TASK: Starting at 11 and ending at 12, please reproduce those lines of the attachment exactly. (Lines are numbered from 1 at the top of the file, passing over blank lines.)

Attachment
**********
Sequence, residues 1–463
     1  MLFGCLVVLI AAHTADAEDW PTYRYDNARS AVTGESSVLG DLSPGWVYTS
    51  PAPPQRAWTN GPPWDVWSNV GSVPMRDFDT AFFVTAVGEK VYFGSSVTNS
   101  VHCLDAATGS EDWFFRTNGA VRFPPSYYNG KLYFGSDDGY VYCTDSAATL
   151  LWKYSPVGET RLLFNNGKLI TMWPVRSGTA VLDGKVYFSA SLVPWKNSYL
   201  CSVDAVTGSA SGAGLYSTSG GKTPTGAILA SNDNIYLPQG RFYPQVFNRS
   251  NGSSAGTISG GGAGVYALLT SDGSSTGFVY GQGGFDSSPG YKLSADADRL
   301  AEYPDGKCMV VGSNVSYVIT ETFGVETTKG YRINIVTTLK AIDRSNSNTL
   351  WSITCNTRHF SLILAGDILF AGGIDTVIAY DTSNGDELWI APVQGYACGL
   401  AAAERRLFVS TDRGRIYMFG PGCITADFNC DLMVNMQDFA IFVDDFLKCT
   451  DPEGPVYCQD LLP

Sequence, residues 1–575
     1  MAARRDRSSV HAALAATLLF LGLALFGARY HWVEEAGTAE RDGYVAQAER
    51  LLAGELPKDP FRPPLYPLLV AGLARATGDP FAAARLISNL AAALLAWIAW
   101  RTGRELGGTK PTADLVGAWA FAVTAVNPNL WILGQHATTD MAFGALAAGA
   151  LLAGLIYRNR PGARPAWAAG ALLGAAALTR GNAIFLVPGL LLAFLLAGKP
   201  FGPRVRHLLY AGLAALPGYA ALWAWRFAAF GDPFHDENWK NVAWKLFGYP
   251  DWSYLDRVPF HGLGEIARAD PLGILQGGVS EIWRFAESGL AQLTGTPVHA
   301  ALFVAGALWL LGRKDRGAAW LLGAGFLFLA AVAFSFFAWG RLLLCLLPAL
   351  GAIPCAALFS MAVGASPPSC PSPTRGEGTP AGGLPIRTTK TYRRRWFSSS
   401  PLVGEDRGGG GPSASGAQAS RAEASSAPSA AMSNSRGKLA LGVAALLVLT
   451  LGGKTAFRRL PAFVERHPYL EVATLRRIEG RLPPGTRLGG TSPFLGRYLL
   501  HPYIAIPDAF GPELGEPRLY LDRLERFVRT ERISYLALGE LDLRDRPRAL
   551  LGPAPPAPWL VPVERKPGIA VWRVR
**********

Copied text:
   451  DPEGPVYCQD LLP

Sequence, residues 1–575